The existing laws pertaining to the 12-month rule concerning parentally abducted children's adaptation to Japan demand reconsideration. A more realistic approach, taking into account the child's age and preferences regarding their sense of home, is essential for ensuring fairness and what’s best for the child. 


Conclusion

In conclusion, while the trajectory of Japan's family law courts remains uncertain, there is optimism for change amidst increasing exposure and mounting pressure from the international community. As stakeholders continue to advocate for reform, there exists an opportunity for Japan to realign its legal framework with international standards and uphold the rights and welfare of children and parents alike, paving the way for a more equitable family law system that reflects the evolving needs of families in Japan.


REFERENCES

[1] The Association of Doctors for Joint Custody (2023) ‘The winner takes it all’: Japan’s controversial sole custody system., The Centre for Male Psychology.


[2] Hurights Osaka. (2022, June). “Black hole of the child abduction.” Retrieved from Asia-Pacific Human Rights Information Centre


[3] Bagshaw, E. (2021, August 14). “Their children were taken. Now they fight Japanese laws to get them back.” Retrieved from The Sydney Morning Herald


[4] Hurights Osaka, 'Black hole of the child abduction' (June 2022) http://www.hurights.or.jp/asia-pacific/reports-2022/black-hole-of-the-child-abduction/ accessed 18 February 2024.


[5] Reuters, 'Frenchman seeks Macron’s help over ‘abduction’ of his children' (July 23 2021) https://www.reuters.com/world/asia-pacific/frenchman-seeks-macrons-help-over-abduction-his-children-japan-2021-07-23/ accessed 15 February 2024.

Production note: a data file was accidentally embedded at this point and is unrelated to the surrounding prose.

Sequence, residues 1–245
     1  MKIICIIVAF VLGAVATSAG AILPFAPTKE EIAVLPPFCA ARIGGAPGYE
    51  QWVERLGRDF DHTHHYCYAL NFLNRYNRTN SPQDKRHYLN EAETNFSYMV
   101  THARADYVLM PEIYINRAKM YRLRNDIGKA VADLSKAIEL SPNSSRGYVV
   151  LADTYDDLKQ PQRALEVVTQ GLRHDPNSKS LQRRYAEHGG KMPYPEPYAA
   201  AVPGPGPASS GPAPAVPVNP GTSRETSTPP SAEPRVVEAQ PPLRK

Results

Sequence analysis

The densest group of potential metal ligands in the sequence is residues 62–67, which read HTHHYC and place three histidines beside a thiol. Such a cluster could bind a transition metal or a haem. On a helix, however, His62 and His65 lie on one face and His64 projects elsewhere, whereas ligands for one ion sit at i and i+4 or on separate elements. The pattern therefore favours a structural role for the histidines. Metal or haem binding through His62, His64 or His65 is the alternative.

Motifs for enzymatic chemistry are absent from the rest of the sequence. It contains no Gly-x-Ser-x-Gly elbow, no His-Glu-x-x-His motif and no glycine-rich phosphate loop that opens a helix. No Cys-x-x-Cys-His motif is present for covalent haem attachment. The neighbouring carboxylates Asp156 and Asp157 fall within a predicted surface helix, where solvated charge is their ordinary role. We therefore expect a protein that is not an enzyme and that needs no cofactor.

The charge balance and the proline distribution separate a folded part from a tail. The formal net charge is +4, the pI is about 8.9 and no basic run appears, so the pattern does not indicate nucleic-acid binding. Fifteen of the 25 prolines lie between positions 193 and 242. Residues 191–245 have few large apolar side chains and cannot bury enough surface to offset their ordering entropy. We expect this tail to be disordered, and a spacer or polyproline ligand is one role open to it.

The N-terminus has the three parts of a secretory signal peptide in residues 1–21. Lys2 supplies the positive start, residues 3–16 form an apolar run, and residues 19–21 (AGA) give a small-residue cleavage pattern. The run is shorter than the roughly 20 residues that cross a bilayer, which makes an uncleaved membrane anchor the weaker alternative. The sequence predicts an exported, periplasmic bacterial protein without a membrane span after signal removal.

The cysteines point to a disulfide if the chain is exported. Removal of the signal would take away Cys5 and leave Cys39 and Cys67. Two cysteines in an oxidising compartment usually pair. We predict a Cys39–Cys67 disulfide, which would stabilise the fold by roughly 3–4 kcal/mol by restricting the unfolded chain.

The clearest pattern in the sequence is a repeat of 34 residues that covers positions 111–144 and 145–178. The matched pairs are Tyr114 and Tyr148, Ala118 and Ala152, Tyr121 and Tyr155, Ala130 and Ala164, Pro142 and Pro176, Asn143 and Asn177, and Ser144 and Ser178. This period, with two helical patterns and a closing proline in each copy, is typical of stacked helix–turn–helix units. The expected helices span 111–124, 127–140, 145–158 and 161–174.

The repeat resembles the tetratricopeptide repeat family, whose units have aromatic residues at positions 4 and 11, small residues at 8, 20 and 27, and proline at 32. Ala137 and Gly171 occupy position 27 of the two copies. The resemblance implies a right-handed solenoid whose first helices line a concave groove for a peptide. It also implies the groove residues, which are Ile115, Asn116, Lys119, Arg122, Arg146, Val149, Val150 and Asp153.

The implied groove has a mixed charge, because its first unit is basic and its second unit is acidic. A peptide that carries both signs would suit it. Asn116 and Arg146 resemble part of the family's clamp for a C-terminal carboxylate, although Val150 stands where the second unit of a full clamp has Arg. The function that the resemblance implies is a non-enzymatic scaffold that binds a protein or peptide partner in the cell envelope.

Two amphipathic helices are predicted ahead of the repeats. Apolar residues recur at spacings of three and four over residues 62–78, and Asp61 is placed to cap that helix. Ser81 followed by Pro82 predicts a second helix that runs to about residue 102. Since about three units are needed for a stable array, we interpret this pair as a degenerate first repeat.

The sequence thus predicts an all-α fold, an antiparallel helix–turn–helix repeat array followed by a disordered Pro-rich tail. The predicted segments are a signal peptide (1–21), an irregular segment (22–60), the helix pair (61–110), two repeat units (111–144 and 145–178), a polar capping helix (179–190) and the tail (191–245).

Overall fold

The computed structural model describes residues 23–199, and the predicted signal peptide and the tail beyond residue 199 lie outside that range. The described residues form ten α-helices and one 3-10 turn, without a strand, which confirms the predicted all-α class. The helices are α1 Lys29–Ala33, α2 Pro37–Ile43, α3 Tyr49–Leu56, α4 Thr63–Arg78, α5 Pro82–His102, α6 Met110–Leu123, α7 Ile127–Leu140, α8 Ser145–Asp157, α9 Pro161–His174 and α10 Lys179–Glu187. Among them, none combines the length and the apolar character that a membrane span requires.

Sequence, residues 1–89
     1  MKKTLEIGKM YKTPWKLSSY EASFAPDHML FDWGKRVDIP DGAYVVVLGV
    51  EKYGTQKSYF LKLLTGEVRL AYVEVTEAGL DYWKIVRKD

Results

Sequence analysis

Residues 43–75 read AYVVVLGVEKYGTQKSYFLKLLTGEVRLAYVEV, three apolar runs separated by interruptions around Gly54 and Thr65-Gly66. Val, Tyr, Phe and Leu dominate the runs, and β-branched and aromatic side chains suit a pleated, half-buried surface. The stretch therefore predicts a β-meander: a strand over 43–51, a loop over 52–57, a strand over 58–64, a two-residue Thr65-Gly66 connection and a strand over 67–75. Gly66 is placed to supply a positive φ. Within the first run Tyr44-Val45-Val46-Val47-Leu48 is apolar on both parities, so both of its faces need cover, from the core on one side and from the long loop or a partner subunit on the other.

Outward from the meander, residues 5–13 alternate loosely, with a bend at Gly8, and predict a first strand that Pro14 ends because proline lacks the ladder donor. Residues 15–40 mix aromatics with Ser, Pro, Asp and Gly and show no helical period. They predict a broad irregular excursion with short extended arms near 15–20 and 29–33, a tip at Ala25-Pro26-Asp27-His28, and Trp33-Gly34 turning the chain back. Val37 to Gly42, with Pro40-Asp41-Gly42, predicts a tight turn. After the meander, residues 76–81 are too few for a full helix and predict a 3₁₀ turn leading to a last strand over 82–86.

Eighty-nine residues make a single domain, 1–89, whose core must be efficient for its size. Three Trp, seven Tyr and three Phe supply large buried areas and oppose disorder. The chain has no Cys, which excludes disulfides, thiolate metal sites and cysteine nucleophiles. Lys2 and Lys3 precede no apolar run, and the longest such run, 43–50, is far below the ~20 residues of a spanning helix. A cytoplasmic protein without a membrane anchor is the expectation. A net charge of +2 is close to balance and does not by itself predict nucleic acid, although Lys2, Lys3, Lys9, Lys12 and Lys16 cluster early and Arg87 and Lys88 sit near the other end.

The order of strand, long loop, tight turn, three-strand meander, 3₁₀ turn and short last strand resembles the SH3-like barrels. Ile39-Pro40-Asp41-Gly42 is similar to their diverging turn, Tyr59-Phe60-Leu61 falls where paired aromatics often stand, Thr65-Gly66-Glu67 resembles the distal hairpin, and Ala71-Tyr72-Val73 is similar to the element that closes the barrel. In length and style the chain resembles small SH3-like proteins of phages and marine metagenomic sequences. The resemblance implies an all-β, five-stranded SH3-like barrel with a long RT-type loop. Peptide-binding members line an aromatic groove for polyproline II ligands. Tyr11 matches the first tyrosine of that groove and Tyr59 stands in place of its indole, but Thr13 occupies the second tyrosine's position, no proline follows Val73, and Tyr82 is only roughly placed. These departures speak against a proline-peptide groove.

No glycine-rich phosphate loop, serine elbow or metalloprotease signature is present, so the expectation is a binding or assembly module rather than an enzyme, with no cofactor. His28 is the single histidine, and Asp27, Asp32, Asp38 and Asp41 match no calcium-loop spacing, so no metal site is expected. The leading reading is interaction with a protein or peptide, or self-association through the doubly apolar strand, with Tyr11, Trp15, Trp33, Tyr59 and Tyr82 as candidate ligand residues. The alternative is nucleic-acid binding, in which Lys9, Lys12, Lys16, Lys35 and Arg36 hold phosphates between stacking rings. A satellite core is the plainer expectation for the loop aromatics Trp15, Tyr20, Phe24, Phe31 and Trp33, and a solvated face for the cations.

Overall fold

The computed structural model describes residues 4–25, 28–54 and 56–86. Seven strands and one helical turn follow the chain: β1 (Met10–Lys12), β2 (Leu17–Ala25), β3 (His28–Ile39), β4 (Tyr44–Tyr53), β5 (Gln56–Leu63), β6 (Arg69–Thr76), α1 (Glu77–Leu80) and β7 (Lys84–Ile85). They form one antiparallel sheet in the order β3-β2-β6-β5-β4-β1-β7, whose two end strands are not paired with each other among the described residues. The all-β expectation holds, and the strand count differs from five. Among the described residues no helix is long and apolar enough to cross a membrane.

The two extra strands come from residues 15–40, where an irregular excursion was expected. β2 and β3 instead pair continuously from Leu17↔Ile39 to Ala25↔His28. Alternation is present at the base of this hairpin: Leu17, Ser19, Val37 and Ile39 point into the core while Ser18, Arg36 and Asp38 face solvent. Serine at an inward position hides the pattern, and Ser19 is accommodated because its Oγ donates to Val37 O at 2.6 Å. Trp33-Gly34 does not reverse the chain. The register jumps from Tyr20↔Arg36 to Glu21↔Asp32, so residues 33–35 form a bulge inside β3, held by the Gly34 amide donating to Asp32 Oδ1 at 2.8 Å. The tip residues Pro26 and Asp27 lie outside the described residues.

[6] Margaret Conley (13 October 2009). "Parents Fight Losing Custody Battle in Japan". ABC.


[7] Kyung Lah; Aaron Cooper; Saeed Ahmed; Carolina Sanchez (29 September 2009). "American jailed in Japan for trying to reclaim his children". CNN. Retrieved 23 October 2009. Our two nations approach divorce and child-rearing differently. Parental child abduction is not considered a crime in Japan.



[9] "Rapid Increase in Child Abductions to Japan". Embassy of the United States, Japan. U.S. Department of State. Winter 2010. Archived from the original on 22 November 2010.


[10] Lou Robson (6 January 2007). "Wedding spelt the end". The Courier-Mail. Queensland Newspapers.


[11] Justin McCurry (27 October 2009). "Savoie's choice: abduct or fight?". GlobalPost


[12] Justin McCurry (27 October 2009). "Savoie's choice: abduct or fight?". GlobalPost


[13] "International parental child abduction". Working with Japan. Foreign & Commonwealth Office. 2009. Archived from the original on 17 November 2009.


[14] Yakimova, Y. (2020, July 8). “Parliament sounds alarm over children in Japan taken from EU parents.” Retrieved from European Parliament News, accessed 18 February 2024


[15] Centre for Male Psychology, 'The Winner Takes it All: Japan's Controversial Sole Custody System' (Centre for Male Psychology) https://www.centreformalepsychology.com/male-psychology-magazine-listings/the-winner-takes-it-all-japans-controversial-sole-custody-system accessed 18 February 2024.